Workplace investigations are funny things.
There is no legislation covering them, though if they are done wrong, they can end up in the relevant court, commission or tribunal. Where everything could be placed under a microscope.
We have seen unfair dismissal applications succeed because the dismissed employee wasn’t allowed to have a support person present.
And, we have also seen the Fair Work Commission clarify that a support person is there to provide support.
Not to advocate on the employees behalf. (This excludes lawyers too).
So, what are we supposed to do if an employee decides to take the fifth and exercise their implied right to silence?
The best thing to do is to let them.
Though in the process remind them that as the workplace investigation has the balance of probabilities as the standard of proof, if they don’t present their version of events, the finding may go against them.
If they still won’t answer anything, then so be it.
If the workplace investigation is into something such as fraud, workplace violence, or anything that has the potential to be a criminal act, report it, and leave it up to law enforcement to investigate.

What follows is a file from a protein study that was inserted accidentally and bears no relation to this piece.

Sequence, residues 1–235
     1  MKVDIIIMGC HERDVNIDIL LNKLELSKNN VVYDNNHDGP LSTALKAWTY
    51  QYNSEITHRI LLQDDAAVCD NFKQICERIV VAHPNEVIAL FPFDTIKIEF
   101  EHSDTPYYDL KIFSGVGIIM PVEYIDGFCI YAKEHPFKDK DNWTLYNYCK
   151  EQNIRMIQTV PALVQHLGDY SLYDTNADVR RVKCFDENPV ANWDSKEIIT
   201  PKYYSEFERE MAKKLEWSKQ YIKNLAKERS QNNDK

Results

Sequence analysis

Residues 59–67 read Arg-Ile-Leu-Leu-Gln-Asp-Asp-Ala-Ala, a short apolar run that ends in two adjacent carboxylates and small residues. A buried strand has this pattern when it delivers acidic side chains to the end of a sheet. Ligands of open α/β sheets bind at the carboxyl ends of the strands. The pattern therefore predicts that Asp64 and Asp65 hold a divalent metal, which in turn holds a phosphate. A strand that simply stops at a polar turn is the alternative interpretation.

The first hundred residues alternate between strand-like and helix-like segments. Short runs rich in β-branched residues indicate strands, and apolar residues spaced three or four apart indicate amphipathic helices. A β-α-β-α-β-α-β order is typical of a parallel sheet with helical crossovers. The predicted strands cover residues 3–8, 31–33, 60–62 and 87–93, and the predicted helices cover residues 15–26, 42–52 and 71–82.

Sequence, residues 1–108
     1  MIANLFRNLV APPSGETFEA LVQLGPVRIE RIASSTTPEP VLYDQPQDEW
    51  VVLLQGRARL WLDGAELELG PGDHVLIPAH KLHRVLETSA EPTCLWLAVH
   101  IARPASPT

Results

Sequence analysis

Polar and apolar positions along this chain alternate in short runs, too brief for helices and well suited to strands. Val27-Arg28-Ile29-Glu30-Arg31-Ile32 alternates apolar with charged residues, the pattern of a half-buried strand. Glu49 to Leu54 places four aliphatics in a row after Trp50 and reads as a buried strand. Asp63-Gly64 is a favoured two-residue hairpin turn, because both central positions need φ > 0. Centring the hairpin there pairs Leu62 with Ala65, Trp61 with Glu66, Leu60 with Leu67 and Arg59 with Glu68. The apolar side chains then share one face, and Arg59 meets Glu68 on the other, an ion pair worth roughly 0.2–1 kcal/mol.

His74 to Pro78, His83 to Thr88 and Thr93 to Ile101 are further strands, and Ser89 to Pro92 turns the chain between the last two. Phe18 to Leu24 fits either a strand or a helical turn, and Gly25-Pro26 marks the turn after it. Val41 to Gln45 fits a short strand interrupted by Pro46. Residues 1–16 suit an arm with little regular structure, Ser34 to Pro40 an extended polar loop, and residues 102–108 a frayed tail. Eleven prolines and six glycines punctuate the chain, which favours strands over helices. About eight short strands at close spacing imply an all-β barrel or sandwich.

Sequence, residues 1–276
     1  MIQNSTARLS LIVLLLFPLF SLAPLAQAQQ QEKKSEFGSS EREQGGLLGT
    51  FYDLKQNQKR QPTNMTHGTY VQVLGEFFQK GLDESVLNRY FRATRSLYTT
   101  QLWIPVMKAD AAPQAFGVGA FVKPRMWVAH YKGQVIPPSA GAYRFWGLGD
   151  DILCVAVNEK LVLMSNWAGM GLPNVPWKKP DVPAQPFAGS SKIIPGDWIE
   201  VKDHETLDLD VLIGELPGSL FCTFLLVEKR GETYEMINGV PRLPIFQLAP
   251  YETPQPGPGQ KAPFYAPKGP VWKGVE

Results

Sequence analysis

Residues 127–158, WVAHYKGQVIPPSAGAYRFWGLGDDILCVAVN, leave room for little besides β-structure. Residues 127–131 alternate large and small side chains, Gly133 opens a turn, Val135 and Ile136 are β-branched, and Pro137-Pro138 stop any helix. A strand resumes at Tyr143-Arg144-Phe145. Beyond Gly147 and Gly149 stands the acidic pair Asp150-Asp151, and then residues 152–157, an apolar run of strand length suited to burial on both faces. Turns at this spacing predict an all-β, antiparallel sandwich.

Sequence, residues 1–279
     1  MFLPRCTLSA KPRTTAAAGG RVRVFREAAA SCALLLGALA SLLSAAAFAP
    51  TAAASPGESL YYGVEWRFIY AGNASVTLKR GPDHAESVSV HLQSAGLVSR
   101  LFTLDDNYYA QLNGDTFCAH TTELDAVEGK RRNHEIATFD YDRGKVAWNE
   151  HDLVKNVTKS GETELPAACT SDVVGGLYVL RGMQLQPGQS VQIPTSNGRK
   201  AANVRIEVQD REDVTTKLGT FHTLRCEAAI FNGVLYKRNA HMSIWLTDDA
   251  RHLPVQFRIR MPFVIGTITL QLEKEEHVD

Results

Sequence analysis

As workplace investigator, we have no special coercive powers or special legal authority.
And, remember, we are not there to prove someone’s guilt or innocence, we are there to report on whether a complaint has been substantiated or not substantiated based on the balance of probabilities.
It is time to stop thinking up ways to make workplace investigations harder and more complex.
- Leading Questions. Should You Or Shouldn’t You?
- Can An Employee “Take The Fifth”?
- Using The OODA Loop In Workplace Investigations
- Tips On How To Simplify Industrial Relations
- Privacy of staff records for domestic violence leave, finger print dismissal appeal, and more
- Q&A: Do we pay workers for public holidays while they’re on unpaid leave?